If You Learn to Cook, You Can Change Your Life
Step beyond the made-up complexity and artificial urgency of everything
In Ancient Greece, the word for “cook” and “priest” was the same — “mageiros” — sharing an etymological root with “magic.” The word appears again in the revealing 1814 anonymous Old English book, The School for Good Living, defining “magirist” as a “cook and an artist in good living.”
Back in Croatia, 50 years ago, I grew up on asphalt with a family heaven-bent on cooking. We huddled over lamb rotating on a makeshift spitfire at the riverbank, over a clay pot of braising saksija in our oven, over two barrels on our balcony, a smaller wooden one with fermenting peppers stuffed with cheese, and a large plastic one with 19 heads of white cabbage and one head of red cabbage (we elevated creating pink sauerkraut brine to the domain of art). Then there was winemaking in our garage, and meat smoking and vegetable gardening just out of the city. And not one, or two, but three socialist refrigerator/freezer combos. All of this in our apartment project building. We broke all the rules and food was everything.
Every year we traveled to swim in the Mediterranean, ski in the Alps, and visit our family in Tuscany and Istanbul. Our sightseeing was all a ruse, however, a way to practice and perfect what connected us with each other, our family, friends, neighbors, strangers, earth, and cosmos. We talked, made ourselves busy, and invested most of what we had into cooking. The kitchen was the temple.
In seventh grade, I guest-hosted a cooking show on national TV. By the time I was 16, I had punched in 10,000 hours of cooking practice. I missed soccer games, school dances, and punk rock concerts because my mom and dad made me stay home. I was to clean, cut, simmer, roast, pickle, organize, sense, feel, and discuss food.
I remember one Saturday night standing on the fourth-floor balcony of our big cement building, waving to my friends, who were all dressed up and ready to hit the city: “My dad needs me to butcher tonight! Sorry!” (Context: That afternoon one of my dad’s workers, a mason, had stopped by in his van, unannounced, and dropped off a slab of half a cow for us, the meat still warm after the slaughter.) My friends would sadly shake their heads and walk away. But I wasn’t sad. I was excited!
For years, I took this in-house cooking school for granted. My interests moved on. When I left my parents’ place at the age of 20, I was keenly aware of how badly the world, and I, need change. I was determined to transform myself and the world for the better. First, I became a structural engineer like my dad — determined to build bridges. Then, after moving to the United States, I became a psychologist; then an ordained Evangelical minister; then an executive coach; then a contemplative retreat facilitator. For decades, I obsessed over the riddle of human transformation.
‘Food is everything we are.’— Anthony Bourdain
Then one day, 10 years ago, when I was cooking in my apartment kitchen overlooking the busy streets of Harlem in New York City, I realized that transformation occurs whenever we step over the edge of what we know and become attentive to parts of ourselves, others, and the world that is unknown to us.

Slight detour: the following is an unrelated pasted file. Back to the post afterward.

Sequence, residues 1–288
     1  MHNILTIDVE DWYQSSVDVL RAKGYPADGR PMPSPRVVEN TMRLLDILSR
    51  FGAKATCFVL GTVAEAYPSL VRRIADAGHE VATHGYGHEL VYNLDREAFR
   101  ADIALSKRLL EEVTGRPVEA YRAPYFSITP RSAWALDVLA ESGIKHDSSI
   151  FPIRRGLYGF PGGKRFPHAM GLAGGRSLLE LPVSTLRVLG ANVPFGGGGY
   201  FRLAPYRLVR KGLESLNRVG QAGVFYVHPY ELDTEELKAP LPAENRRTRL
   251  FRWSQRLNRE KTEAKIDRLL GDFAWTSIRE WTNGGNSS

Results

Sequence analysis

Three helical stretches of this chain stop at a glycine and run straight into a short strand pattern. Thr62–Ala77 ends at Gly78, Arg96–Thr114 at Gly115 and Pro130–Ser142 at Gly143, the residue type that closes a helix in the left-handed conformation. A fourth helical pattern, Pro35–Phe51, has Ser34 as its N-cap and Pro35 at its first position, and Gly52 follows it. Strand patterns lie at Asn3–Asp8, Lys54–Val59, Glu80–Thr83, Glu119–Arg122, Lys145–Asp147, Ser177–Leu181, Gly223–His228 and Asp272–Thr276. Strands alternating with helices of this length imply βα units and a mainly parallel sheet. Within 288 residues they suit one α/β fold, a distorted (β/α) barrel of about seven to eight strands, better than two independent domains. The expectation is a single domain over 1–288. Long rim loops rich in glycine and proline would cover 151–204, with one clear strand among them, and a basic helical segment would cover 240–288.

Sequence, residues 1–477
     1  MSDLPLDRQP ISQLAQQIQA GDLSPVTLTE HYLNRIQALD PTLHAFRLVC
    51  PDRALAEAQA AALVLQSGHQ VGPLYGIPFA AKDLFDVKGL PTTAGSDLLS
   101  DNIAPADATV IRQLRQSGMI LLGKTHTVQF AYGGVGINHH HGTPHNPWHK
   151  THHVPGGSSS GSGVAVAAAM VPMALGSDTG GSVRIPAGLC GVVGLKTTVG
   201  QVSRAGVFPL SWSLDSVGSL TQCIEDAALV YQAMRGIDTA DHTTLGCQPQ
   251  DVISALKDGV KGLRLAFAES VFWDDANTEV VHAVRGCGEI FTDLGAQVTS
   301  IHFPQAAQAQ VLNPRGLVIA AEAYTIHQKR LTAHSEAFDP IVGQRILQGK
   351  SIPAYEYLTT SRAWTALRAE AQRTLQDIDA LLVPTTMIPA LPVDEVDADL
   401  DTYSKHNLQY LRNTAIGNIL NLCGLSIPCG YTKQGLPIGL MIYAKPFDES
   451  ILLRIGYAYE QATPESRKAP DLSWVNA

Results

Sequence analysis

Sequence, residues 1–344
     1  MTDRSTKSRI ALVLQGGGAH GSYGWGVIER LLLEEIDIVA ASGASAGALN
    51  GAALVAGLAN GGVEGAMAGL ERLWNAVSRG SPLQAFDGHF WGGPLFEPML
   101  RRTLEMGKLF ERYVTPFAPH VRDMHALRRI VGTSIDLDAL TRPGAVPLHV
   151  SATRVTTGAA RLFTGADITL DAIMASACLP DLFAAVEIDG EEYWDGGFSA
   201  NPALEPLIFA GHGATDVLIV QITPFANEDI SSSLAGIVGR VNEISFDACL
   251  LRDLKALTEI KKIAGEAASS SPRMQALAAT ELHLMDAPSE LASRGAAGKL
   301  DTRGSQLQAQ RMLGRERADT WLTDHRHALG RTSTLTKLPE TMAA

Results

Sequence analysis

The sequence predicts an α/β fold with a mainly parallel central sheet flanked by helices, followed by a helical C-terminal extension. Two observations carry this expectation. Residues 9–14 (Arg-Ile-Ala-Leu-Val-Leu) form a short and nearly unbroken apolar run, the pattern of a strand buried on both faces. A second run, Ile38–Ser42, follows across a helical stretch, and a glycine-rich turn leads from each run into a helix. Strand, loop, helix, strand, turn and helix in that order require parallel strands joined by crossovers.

Instead of being a provenance of priests, coaches, meditation teachers, and motivational speakers, human transformation is — I realized over two pots boiling on my kitchen range — common and accessible, a natural tide and flow of regular human life. We don’t manage change. We inhabit change.
I know, to you my kitchen epiphany might sound like, duh? A run-of-the-mill mystical experience. It was. But it was also very practical.
If you are like me, you probably feel overwhelmed with information about how to improve your life. Have you done your morning routine today? Have you made progress on that online course? Have you read those articles you saved on Medium? Have you listened to that podcast? You haven’t? Well, you should. You must. Why? Because you must be your best self.
That’s what happens when we turn life into a project. Instead of helping us on the way, this excess of awesome advice comes to be in the way.
I came to realize that — to my disbelief — transformation is much simpler than we make it to be. Make soup. Vacuum the house. Repair the bike. Say sorry. Take a nap. Pay your bills. Thank people. Go for a walk. Sing. Cry. Sit quietly in your kitchen late at night with lights off. Don’t solve problems.
Inhabit change. Just keep on moving into the unknown. The unknown within you and around you. There, transformation is not only possible but inevitable.
At crucial thresholds of our lives, we have to want to change, and sometimes change is an all-consuming and difficult step forward. Yet, our own transformation is a process that rarely, if ever, responds to our efforts to control it. It responds, however, to us asking questions that matter to us and that we don’t have answers to. It happens when we have one foot in the known and another in the unknown, in that sweet awkwardness of real change in real time.
We have the capacity — it is actually our species’ most difficult blessing — to deliberately step into the unknown, survive it, befriend it, and eventually, learn to delight in it. That is the practice of transformation.
‘While I was learning to cook, I learned to work (and ultimately to love).’— Mark Bittman